March 23 marked two years since the collapse of the Islamic State's caliphate, which for five years represented the pinnacle of jihadi extremism in the 21st century. Yet ISIS is estimated to have at least 10,000 fighters still capable of marauding attacks, assassinations, and bombings in Iraq and Syria. More than a dozen franchises—stretching from West Africa to East Asia—also represent a threat to local, regional, and international security as ISIS remains a global engine for radicalization.
On March 22, USIP and the Wilson Center hosted a discussion with four leading experts that explored the challenges of ISIS today: What are its future prospects, given that many of the political and economic flashpoints that spawned ISIS have still not been addressed? How has it adapted to the loss of its state, and might it hold or govern territory again? And now that it is cut off from traditional social media and relegated to the dark web, how is ISIS recruiting followers—and how successfully? Are there any signs that either ISIS, or jihadism generally, is being rejected?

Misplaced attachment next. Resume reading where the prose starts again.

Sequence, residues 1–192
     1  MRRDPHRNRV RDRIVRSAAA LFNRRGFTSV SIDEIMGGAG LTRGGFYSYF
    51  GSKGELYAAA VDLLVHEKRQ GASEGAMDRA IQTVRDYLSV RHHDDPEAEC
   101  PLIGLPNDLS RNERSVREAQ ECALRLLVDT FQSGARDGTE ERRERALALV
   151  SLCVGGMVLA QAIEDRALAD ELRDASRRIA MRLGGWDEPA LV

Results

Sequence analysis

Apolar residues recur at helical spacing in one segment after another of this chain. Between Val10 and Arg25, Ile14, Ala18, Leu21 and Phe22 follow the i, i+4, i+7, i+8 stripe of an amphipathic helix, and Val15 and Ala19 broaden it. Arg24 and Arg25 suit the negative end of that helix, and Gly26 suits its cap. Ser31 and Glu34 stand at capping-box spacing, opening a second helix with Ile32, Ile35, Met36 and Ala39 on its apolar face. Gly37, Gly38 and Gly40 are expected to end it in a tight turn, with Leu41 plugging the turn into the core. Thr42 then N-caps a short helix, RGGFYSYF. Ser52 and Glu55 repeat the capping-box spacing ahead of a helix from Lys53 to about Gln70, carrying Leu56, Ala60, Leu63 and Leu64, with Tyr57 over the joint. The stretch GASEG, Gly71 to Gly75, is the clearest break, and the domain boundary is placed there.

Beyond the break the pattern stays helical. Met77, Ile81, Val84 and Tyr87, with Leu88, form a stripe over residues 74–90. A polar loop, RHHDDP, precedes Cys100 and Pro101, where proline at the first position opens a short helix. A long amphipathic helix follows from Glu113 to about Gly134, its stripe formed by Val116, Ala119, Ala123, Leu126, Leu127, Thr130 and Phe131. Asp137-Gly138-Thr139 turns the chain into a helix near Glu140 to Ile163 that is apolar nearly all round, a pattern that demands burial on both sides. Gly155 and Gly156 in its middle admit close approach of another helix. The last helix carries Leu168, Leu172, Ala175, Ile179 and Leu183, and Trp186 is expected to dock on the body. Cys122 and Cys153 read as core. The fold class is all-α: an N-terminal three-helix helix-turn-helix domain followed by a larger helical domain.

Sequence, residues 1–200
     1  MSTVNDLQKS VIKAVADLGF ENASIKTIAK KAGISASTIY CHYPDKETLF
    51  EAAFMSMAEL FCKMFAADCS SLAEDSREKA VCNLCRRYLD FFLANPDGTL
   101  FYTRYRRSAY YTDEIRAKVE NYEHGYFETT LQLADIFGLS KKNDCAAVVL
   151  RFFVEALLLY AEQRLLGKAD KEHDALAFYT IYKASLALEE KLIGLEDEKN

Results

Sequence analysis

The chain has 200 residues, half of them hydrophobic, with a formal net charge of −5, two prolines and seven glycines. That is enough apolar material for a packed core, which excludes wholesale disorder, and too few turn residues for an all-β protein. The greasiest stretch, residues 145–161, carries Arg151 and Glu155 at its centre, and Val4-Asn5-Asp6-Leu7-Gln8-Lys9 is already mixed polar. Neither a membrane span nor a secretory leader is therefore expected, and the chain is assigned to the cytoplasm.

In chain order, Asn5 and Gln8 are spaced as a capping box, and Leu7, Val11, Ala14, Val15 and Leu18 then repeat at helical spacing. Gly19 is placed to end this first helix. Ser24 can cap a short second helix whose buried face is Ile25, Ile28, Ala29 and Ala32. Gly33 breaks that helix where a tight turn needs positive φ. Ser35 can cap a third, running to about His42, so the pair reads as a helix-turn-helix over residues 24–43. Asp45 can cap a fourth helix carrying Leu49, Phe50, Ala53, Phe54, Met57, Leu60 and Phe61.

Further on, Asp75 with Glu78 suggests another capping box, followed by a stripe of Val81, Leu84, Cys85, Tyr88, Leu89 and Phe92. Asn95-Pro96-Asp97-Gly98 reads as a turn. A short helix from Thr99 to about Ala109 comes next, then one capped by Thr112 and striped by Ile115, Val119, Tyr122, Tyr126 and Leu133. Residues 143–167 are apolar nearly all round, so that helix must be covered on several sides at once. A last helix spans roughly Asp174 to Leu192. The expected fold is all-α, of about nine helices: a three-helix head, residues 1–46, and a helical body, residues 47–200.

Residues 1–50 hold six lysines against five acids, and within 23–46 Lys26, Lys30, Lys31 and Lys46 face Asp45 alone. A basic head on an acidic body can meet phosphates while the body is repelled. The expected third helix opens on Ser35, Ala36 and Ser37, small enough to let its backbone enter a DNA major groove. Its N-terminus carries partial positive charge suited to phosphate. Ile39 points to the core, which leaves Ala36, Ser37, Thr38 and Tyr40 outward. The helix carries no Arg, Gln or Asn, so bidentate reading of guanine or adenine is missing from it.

James F. Jeffrey
Chair, Middle East Program, Woodrow Wilson International Center for Scholars; Former Ambassador to Iraq and Turkey and Special Envoy to the Global Coalition to Defeat ISIS
Chairman and CEO, The Soufan Group
USIP-Wilson Center Distinguished Fellow; Author and Columnist for The New Yorker
Anne Barnard, moderator
Journalist, The New York Times